Friday, April 21, 2017

The Secret King: Lethao by Dawn Chapman review

    I'm in a space opera kind of mood which, if my genre fondness holds out, means I'll probably spend the next couple of months absorbed in the genre before moving on. That means trying to find good examples from both mainstream and independent authors. While the "easy" sources like Star Trek, Star Wars, and newcomer in the Expanse are out there, I wanted to try something which was not linked to a major franchise. Steve Caldwell (The Bookwyrm Speaks) recommended I try out The Secret King series by Dawn Chapman. I'm glad he did because it was a treat.

    The premise of the book is very similar to Battlestar Galactica in that a space opera civilization of Earth-descended humans must flee their colony world to return to their ancient homeland. However, it's very much in the vein of the original 1970s BSG with Lorne Greene, Richard Hatch, and Dirk Benedict versus the modern version. It also has elements of a Jack Kirby-esque universe of feuding New Gods-esque families, bloodlines, and psychic powers. There's even a few elements of the Silver Age Krypton thrown in. For those who prefer dark and gritty space opera, this is pretty much its antithesis but I'm a major lover of grimdark yet loved this work.

    The premise is Kendro of Aonise is the psychic God-King of said world. Having had a vision of his planet's sun exploding, he's assembled four arks to take them to safety along with the other houses. Unfortunately, no sooner has this come out that their ancient enemies in the Zefron decide to finish their extermination by attacking their refugee ships as they flee. Kendro's life is complicated further by his wife's troubled pregnancy, a mysterious new enemy trying to usurp his throne, and (just to make things complicated) his second-in-command developing adulterous feelings for one of his men.

    The Secret King was apparently developed as a TV series and it's a pity this didn't get a chance as one because the characters grow over their episodic struggles. A book isn't limited by budget, though, and I'm able to imagine the glamorous costumes and scenes hinted inside the work. It also has a nicely balanced cast with the King, his wife, their doctor, the chief of security, and other supporting cast members. There's also some nice subplots related to the fact Aonise is kind of a awful society, despite the king being our lead, since a good portion of its population are treated as second-class citizens because they weren't born with the mystical marks that unite everyone to their leader.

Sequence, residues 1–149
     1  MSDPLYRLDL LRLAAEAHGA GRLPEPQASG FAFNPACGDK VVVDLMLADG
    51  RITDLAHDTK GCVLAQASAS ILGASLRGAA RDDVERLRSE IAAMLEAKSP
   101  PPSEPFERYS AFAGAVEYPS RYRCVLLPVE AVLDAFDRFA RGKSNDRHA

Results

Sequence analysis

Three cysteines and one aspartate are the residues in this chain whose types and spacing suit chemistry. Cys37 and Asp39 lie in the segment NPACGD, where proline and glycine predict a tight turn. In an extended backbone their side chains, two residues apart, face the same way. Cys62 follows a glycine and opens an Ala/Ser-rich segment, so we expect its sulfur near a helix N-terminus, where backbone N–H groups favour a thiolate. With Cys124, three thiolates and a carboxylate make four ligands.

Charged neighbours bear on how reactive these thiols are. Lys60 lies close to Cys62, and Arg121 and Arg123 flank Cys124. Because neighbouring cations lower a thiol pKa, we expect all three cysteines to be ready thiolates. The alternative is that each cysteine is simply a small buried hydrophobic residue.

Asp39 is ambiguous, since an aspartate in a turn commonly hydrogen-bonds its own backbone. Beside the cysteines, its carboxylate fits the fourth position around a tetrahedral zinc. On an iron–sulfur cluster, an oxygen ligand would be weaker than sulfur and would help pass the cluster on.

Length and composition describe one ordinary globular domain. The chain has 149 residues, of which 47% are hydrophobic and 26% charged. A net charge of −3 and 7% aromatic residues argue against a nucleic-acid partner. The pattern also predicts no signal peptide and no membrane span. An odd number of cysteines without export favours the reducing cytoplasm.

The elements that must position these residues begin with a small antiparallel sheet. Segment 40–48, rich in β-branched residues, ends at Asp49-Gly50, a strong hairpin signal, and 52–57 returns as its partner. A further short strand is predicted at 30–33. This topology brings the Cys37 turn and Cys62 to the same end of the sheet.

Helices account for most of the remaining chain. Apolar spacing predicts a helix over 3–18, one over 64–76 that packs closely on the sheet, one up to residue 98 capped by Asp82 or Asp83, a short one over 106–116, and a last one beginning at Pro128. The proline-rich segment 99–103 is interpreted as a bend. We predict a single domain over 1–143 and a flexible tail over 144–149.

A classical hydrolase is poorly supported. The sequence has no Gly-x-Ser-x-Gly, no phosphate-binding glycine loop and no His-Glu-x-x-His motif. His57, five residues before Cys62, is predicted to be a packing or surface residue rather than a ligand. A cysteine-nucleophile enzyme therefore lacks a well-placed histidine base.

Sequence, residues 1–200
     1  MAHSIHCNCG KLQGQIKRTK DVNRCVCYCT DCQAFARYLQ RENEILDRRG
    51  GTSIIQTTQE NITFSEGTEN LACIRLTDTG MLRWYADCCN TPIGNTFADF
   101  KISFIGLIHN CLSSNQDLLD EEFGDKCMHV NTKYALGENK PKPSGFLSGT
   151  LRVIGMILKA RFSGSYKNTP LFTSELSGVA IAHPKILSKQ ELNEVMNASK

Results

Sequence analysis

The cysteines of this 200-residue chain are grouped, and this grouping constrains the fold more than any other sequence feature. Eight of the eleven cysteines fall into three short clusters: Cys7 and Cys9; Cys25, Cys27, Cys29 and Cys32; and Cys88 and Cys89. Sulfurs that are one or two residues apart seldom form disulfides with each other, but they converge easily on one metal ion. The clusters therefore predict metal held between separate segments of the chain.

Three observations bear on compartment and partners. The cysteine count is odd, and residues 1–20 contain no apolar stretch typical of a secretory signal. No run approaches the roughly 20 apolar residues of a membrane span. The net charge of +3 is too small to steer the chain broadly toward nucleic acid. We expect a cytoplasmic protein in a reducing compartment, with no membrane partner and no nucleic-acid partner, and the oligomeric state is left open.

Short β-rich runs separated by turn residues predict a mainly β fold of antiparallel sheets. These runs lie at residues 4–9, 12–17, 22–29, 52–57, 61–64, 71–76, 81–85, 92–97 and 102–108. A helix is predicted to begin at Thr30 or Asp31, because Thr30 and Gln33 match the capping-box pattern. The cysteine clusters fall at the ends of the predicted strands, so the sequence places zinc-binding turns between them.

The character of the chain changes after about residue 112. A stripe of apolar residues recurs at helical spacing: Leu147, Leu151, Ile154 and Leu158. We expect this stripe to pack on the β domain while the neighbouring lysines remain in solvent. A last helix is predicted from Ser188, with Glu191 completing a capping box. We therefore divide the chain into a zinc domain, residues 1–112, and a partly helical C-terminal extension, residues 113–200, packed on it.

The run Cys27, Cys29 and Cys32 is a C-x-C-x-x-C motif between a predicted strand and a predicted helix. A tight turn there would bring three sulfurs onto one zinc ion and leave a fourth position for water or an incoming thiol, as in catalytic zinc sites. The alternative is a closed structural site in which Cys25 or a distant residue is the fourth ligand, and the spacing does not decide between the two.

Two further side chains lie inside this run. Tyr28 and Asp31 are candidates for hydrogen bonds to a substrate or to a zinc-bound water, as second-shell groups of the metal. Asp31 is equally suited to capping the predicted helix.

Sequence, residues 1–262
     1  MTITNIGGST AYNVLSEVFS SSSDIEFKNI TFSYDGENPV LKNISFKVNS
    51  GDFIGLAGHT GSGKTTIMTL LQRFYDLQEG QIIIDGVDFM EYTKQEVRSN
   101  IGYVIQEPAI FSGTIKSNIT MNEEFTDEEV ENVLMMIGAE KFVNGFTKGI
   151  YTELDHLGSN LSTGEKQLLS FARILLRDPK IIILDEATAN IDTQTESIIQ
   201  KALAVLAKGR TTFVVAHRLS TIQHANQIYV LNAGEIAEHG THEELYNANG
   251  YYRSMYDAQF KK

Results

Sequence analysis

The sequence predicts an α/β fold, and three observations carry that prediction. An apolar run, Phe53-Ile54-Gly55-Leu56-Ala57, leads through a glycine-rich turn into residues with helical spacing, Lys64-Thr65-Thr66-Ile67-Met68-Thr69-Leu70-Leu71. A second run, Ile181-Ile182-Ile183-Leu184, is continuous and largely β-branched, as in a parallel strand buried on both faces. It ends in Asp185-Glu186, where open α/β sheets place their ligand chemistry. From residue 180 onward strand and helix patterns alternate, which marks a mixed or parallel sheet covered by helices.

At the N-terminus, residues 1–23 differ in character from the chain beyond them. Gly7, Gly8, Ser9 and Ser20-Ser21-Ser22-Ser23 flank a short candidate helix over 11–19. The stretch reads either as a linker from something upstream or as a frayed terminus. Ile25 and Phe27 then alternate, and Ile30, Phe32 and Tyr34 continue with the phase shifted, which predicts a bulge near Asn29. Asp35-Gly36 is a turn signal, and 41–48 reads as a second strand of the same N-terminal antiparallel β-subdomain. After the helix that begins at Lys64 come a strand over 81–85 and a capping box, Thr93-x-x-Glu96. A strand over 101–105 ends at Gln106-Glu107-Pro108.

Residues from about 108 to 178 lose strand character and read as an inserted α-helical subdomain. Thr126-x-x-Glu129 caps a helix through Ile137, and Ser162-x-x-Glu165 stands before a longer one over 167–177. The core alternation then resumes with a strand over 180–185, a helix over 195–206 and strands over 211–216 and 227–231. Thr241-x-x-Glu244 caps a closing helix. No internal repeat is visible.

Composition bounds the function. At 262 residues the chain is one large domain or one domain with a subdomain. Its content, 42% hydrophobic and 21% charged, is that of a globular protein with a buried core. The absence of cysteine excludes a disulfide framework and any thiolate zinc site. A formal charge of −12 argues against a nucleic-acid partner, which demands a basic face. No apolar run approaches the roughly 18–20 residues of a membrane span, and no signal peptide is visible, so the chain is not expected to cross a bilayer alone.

Kendro is a strong lead character and I was interested in his adventures despite my anti-royalist sentiments even in fiction. You can see he's just imperious enough that I buy him as the hereditary dictator of a long-line of conquerors but nice enough that I believed this was actually going to cause him trouble. I also enjoyed the romance between the King's second and his lover as that was a genuine surprise as well as not a typical lovey dovey story. No, it's a story about regret, duty, and the fact sometimes love just isn't enough.

    Much of the book is concerned with the issues of surviving once they've taken off from their doomed home planet. There's numerous space battles with the Zefron, questions about using the life-force of the dying to heal those who can be salvaged, succession, as well as what point tradition may or may not serve in a refugee colony. All of these are interesting tidbits and help enrich the larger character-based stories.

    I like the world building in the story as it hints and references rather than outright explains. While it's frustrating in places, we get the sense of an antique society that has existed for multiple millennium and lost its larger history. There's also a grandiosity to the characters speech and mannerisms that makes them feel larger than life. These are people who are dwelling in a somewhat Shakespearian world, which makes their brief psychic sojorn to Earth feel all the more contrasting like Tolkien's hobbits being visited by Gondorians--or people from the 1980 Flash Gordon movie.

    There's some flaws in the book in the fact the first part of the book has a bit of a pacing issue until the arrival of a certain Lady (you'll know when you meet her) who brings a lot of energy to the story. There's also the fact we never really learn anything about the Zefron, who remain frustratingly inscrutable throughout. I would have very much liked to have discovered why they're so hell bent on eradicating the Aonise as we only get an answer which opens up more questions. The story could have used a bit more Dalamaar, too, as he doesn't quite solidify himself as the kind of epic evil ala Ming the Merciless or original Baltar which this kind of story needs.

    Even so, I heartily recommend this book to anyone who loves space opera and wants a colorful fantastic story about psychics, bonds, kings, and spaceships. There's some decent action, excellent plotting, and good storytelling all around. I'm looking forward to the next book in the series and can't wait to pick up a copy.


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